ESG factors can be integrated throughout a listed equity portfolio, right across the active-to-passive spectrum.
As the level of human intervention and judgement changes from the active to the passive end of the spectrum, so the application of integration techniques tends to move from the stock level to portfolio level. To achieve stock-level integration in quantitative and fundamental strategies, managers and analysts commonly adjust their forecasted financial statements and/or their models to reflect material ESG factors. (There are a few advanced active managers that do integrate ESG factors at the portfolio level.) To integrate ESG factors at the portfolio level in enhanced passive and smart beta strategies, managers tend to adjust the position size of shareholdings, in some cases to zero.
We examine techniques for integrating ESG considerations in the following investment strategies:
- Fundamental (also known as traditional strategies)
- Quantitative (also known as systematic strategies)
- Smart beta (also known as strategic beta, alternative beta and factor investing)
- Passive (also known as indexing) and enhanced passive (also known as enhanced index)
The integration model
The PRI defines ESG integration as “the systematic and explicit inclusion of material ESG factors into investment analysis and investment decisions”. It is one of three ways to incorporate responsible investment into investment decisions, alongside thematic investing and screening. All three ESG incorporation practices can be applied concurrently.
The model on the next page illustrates how ESG integration can be applied across investment strategies.
There are four stages to the integration model, which involve the following activities:
- Stage 1: Qualitative analysis – Investors will gather relevant information from multiple sources (including but not limited to company reports and third-party investment research) and identify material factors affecting the company.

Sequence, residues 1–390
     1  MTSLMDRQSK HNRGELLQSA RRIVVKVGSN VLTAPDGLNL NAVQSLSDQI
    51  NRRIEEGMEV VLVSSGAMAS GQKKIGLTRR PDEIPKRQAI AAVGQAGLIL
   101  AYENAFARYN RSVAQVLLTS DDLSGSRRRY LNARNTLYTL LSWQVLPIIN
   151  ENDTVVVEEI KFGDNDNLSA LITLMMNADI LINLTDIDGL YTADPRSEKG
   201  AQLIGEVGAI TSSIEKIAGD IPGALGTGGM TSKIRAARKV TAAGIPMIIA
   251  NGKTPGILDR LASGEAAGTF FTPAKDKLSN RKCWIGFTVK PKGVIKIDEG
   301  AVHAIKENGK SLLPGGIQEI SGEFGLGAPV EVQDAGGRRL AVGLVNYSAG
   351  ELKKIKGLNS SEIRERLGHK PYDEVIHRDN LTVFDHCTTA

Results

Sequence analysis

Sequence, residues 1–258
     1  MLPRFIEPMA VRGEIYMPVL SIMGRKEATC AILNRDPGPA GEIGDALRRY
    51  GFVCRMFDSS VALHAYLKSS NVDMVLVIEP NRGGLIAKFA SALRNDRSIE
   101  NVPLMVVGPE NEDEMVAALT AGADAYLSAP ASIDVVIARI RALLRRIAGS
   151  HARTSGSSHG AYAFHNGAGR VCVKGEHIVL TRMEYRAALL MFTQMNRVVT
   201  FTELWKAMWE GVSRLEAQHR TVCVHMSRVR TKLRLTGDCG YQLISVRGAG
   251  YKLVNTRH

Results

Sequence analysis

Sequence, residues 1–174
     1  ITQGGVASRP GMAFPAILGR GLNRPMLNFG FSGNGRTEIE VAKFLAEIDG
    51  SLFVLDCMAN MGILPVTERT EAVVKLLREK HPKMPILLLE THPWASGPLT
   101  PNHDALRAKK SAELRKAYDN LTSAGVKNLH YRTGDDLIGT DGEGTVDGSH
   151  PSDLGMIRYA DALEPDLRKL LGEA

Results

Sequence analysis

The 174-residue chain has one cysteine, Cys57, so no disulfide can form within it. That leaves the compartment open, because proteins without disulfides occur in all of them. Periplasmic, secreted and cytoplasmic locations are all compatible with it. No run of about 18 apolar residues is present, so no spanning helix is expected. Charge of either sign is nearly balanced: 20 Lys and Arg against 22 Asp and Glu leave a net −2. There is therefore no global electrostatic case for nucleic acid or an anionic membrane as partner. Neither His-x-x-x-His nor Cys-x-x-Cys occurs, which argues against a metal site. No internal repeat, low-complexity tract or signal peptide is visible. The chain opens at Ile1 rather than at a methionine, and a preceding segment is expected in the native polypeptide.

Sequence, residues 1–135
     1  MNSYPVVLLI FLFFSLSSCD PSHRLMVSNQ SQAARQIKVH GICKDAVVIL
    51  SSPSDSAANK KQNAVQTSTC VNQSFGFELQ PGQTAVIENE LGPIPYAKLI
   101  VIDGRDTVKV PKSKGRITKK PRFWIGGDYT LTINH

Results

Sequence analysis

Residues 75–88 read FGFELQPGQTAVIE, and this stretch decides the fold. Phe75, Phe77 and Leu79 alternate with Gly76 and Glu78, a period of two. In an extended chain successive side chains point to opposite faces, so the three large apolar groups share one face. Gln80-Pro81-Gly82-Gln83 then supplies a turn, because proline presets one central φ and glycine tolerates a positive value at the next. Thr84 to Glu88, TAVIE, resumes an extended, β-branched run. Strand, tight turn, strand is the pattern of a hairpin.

- Stage 2: Quantitative analysis – Investors will assess the impact of material financial factors on securities in their portfolio(s) and investment universe and adjust their financial forecasts and/or valuation models appropriately.
- Stage 3: Investment decision – The analysis performed in stage 1 and stage 2 will lead to a decision to buy (or increase weighting), hold (or maintain weighting) or sell (or decrease weighting).
- Stage 4: Active ownership assessment – The identification of material financial factors, the investment analysis and an investment decision can initiate or support company engagements and/or inform voting. The additional information gathered and the outcome from engagement and voting activities will feed back into future investment analysis, and hence have an impact of subsequent investment decisions.
In the following sections, guidance and case studies explain how ESG factors can be integrated into Stage 2 quantitative analysis across fundamental, quantitative, smart beta and enhanced passive strategies, providing examples of integrating different environmental, social and governance factors into companies from several sectors.
A practical guide to ESG integration for equity investing
- Currently reading
ESG integration techniques